The Regular Cab offers comfortable seats as well as a generous amount of interior cargo space. In Double Cabs, the backseat is fully usable for adults, while the CrewMax offers the roomiest rear seat of any pickup truck. With a limolike 44.5 inches of rear legroom, even 6-footers can stretch out and cross their legs.

Driving Impressions

Equipped with the 5.7-liter V8, the 2008 Toyota Tundra is incredibly powerful and the engine's delivery is impressively smooth. Shifts from the six-speed automatic transmission are prompt, and the console shifter's precise action allows drivers to easily use the manual mode while tackling steep highway grades or rugged off-road situations.

Like most of today's half-ton trucks, the Tundra provides a smooth and quiet highway ride, although trucks with the off-road package tend to feel choppy over rain-grooved expressway pavement. Light, precise steering makes for easy maneuvering in parking lots, but some buyers may find it a bit too light at highway speeds. Handling is predictable around corners, with minimal body roll, though the Tundra doesn't hold a significant advantage over its competitors in this area. Braking performance is a strong point, as the Tundra has a firm, progressive pedal feel and respectable stopping distances, with minimal fade under heavy use.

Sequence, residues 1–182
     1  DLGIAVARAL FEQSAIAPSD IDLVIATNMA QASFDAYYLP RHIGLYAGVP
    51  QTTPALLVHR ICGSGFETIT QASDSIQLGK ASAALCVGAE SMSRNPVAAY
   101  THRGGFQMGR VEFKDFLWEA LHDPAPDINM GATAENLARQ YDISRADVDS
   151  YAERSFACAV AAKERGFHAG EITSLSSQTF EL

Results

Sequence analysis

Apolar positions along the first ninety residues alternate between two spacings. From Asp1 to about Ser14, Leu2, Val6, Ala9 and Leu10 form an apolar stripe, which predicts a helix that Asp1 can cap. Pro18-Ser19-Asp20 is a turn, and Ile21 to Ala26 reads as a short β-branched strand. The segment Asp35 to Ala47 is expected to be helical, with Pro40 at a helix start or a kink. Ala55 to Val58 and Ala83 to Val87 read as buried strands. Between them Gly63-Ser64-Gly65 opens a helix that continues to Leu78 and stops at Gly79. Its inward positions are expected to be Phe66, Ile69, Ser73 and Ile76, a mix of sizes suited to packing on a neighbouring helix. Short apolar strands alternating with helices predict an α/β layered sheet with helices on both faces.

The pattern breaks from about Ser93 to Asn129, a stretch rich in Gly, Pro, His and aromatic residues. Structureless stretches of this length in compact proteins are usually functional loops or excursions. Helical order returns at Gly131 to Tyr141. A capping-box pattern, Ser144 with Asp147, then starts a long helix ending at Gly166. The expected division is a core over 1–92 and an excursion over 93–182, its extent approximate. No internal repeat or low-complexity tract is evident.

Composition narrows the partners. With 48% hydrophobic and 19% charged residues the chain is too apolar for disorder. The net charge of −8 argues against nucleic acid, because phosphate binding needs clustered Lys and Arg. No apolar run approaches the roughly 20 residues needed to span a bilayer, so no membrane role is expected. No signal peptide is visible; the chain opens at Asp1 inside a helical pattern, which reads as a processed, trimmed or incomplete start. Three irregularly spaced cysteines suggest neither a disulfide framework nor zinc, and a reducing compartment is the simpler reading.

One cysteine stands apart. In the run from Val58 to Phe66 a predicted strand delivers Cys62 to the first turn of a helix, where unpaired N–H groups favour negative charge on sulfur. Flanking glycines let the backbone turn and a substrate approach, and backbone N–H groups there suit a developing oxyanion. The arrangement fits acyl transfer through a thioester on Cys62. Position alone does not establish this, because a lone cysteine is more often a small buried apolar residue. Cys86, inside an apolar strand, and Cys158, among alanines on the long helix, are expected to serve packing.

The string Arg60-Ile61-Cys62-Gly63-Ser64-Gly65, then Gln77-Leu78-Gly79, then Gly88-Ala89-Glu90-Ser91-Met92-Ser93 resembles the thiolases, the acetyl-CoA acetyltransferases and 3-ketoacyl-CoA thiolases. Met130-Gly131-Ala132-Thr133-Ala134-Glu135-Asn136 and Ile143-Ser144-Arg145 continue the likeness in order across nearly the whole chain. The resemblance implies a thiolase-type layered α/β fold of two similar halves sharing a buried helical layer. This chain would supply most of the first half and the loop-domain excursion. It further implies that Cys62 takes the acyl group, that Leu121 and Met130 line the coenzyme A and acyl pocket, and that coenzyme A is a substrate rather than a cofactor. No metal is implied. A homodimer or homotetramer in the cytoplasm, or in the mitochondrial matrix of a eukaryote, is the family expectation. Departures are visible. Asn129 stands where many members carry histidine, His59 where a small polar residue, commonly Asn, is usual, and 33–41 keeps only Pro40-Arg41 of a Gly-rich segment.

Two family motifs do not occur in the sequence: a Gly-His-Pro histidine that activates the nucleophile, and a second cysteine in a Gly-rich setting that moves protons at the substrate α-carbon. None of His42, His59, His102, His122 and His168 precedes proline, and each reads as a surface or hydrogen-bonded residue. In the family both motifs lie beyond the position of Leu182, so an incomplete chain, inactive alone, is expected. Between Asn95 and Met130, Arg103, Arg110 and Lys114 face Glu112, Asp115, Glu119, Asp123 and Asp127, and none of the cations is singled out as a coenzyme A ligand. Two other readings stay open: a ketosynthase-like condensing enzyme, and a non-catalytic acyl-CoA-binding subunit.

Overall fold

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Talk About The 2008 Tundra

2008 Toyota Tundra Discussions See all Started By

tundra08
tundra08
05-17-2007
I haven't posted a message on this board for years. Two weeks ago I sold my 2005 Tundra Double Cab and then ordered a 2007 Tundra CrewMax. However, just a few days ago, I postponed the order for se...


cruiser69
cruiser69
12-28-2007
Hello all. Well, MT made the new Tundra the 08 truck of the year. It went up against the heavy duty domestic light trucks...even the F-450 and still came out on top. Dont get me wrong here guys, i ...


mcsmadison
mcsmadison
01-06-2009
My 2008 Tundra's tranmission went out last week when attempting to shift from 4 WD high, into 4wd lo, then back into high....